Animals belonging to this subfamily lived in Africa, Eurasia, and North America for nearly 30 million years.
It spawned many different groups of species, however, the most relevant to us is Hemicyon.
This name translated from Greek means “half dog”, but species of this genus are commonly called dog bears.
This genus existed about 16-12 million years ago and is the evolutionary link between the bear and dog species we know today.
These dog bears were way bigger than their American ancestors Parictis, growing up to 5-feet long (1.5 m) and standing 28-inches tall (70 cm).
They were hyper carnivorous, and unlike modern bears, walking on toes.
The Dawn Bear (Ursavus elemensis)
For a closer relative of modern bears, we have to look at Ursavus elemensis, commonly called the dawn bear
It was about the size of a wolf, but unlike the dog bears, it was omnivorous, having a varied diet consisting of plants and flesh.
Eventually, this genus gave rise to Ursus minimus, the earliest species that are grouped in the same family as modern bears.
This animal is commonly called the Auvergne bear, and its fossils can be found across Europe, from France to Russia.
It looked similar to the Asian black bear and lived from 5.3 to 1.8 million years ago.
Despite not knowing much about this species, scientists argue that it split into two separate bear lineages, one resulting in black bears like the sun bear, and another in brown bears.
The brown bear lineage
The brown bear lineage went through the Etruscan bear, which inhabited our earth for nearly 5 million years until it went extinct 100,000 years ago.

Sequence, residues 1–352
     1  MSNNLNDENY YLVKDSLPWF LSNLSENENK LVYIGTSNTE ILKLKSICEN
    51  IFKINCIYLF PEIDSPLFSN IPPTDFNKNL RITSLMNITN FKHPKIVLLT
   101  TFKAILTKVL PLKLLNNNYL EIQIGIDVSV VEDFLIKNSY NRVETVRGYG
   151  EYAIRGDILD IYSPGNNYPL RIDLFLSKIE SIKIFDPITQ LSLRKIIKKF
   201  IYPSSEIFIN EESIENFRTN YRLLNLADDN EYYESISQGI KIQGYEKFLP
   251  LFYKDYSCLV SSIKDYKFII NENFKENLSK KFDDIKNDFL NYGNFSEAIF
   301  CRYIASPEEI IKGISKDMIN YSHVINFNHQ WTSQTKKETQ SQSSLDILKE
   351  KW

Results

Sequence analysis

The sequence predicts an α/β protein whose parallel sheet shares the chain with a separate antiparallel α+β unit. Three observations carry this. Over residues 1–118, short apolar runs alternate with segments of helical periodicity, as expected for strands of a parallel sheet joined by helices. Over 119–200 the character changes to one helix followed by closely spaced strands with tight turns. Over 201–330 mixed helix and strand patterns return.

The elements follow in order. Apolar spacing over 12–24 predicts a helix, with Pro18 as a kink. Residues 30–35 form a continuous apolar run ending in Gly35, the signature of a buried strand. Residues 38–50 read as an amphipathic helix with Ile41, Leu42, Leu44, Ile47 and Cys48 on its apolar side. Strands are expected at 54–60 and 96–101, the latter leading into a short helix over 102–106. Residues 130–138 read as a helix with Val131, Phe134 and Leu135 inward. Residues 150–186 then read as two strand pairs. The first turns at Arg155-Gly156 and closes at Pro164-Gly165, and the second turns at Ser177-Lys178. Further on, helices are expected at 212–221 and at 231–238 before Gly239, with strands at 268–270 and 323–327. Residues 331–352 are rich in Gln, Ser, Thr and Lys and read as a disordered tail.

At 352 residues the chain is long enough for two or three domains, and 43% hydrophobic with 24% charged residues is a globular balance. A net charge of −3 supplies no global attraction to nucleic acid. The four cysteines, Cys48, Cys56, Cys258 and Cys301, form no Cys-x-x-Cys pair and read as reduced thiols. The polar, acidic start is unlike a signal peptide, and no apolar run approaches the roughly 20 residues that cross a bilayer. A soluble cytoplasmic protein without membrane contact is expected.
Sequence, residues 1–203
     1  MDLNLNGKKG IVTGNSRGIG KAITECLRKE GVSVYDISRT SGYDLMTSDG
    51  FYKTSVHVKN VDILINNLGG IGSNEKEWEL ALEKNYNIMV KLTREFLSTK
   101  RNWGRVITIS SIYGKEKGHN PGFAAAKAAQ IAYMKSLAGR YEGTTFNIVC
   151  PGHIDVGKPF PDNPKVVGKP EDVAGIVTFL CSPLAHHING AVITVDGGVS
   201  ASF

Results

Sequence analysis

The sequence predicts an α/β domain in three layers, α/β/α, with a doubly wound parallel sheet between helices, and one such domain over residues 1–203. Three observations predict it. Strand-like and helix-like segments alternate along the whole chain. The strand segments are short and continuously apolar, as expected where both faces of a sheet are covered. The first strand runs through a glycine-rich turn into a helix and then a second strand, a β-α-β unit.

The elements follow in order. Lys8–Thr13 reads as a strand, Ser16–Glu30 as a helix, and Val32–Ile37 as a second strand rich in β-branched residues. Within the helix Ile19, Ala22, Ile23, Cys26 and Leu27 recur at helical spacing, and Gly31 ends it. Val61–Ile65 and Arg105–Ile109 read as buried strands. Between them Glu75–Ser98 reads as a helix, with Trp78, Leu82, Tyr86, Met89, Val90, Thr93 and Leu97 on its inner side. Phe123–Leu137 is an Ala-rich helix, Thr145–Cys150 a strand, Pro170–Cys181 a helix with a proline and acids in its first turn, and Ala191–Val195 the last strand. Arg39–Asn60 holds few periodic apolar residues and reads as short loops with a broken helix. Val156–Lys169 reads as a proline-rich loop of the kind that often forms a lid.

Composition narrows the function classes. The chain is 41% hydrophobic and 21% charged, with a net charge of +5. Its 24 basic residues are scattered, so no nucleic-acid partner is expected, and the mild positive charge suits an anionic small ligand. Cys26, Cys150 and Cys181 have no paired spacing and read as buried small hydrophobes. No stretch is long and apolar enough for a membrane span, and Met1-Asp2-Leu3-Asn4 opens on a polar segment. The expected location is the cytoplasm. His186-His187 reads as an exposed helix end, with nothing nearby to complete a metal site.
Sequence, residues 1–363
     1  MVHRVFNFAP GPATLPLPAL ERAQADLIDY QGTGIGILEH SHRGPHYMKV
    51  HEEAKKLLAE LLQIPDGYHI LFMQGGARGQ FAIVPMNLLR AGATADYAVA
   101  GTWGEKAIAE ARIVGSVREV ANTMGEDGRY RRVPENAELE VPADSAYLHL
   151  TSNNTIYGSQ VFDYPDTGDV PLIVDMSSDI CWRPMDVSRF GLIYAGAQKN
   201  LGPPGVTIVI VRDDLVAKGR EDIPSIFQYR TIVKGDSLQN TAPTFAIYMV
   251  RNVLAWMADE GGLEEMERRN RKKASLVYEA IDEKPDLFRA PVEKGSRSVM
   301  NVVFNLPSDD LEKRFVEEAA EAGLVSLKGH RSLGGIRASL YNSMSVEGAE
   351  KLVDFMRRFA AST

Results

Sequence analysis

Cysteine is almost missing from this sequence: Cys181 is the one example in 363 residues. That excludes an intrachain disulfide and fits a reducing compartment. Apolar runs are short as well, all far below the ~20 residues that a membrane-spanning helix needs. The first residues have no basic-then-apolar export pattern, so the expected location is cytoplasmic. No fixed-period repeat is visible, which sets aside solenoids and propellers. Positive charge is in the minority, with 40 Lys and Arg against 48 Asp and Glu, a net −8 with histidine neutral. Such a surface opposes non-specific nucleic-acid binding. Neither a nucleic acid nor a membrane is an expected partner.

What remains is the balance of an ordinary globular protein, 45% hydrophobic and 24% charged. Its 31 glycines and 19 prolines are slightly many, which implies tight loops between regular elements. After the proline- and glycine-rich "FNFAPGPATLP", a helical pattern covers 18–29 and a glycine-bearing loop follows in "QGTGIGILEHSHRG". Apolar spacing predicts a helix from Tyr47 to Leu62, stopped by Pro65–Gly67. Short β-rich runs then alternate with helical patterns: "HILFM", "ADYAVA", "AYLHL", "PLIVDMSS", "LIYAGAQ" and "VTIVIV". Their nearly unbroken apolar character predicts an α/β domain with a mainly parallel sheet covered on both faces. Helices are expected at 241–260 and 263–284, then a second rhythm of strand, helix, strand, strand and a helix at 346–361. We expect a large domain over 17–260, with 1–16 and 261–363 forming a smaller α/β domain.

The Cave Bear
This species gave rise to the cave bear, which lived in Europe, and was a direct ancestor of the brown bear.
Cave bears get their common name from speculations that they spent more time in caves compared to brown bears, who use caves only for hibernation.
The cave bear was huge species, standing at 11-feet 5-inches tall, and weighing up to 2200 pounds (1000 kg).
Appearance-wise, they were very similar to modern brown bears but had huge and broadheads that were equipped with equally large teeth.
They were omnivorous, and are sometimes found depicted in cave paintings. It indicates that early humans possibly hunted cave bears.
Brown bears split from the last common ancestor with cave bears around 1.2 to 1.4 million years ago.
That´s right, modern brown bears co-existed with cave bears, but only one of these species survived the trials of the ever-changing climate.
It’s argued that cave bears, just like brown bears, were omnivorous, but primarily fed on plants that became scarcer and scarcer during the Last Glacial Maximum.
Cave bears went extinct around 20,000 years ago, while their modern brothers are roaming the earth to this day.
The brown bear evolved in Eurasia and about 200,000 years ago it crossed the Beringia, which was a land bridge connecting Siberia to Alaska.
That’s how brown bears got to America, but they were far from being the first bear species migrating to the Americas.
The Giant short-faced bear
For example, the giant short-faced bear crossed the same landmass some 1 million years ago.
They belonged to a separate subfamily of bears and were the biggest carnivorous land mammal ever.
Believe it or not, they reached up to 10-feet (3 m) in height when standing on their hind legs, and 5 feet (150 cm) when standing on all four.
They possibly weighed up to a ton and dominated North America for 1 million years, until they got outcompeted by newly arrived brown bears.
However, the giant short-faced bear relatives moved south and eventually evolved into the spectacled bear, the only living bear species in South America today.
The brown bear split into 6 subspecies
On the other hand, the brown bear split into 6 subspecies, each having adapted to its local environment.
The Grizzly Bear
Obviously, the fiercest is the grizzly bear, inhabiting the northern regions of North America. SIBERIAN TIGER VS GRIZZLY BEAR – Which is the strongest?
As you just saw, there’s no single correct answer to the question of how did the bears get to America.
They got to America several times, and the very first mammal which evolved into modern bears actually first appeared there before moving to Eurasia.
This story shows the beauty of evolution and makes us think about how the world and species inhabiting it changed throughout millions of years.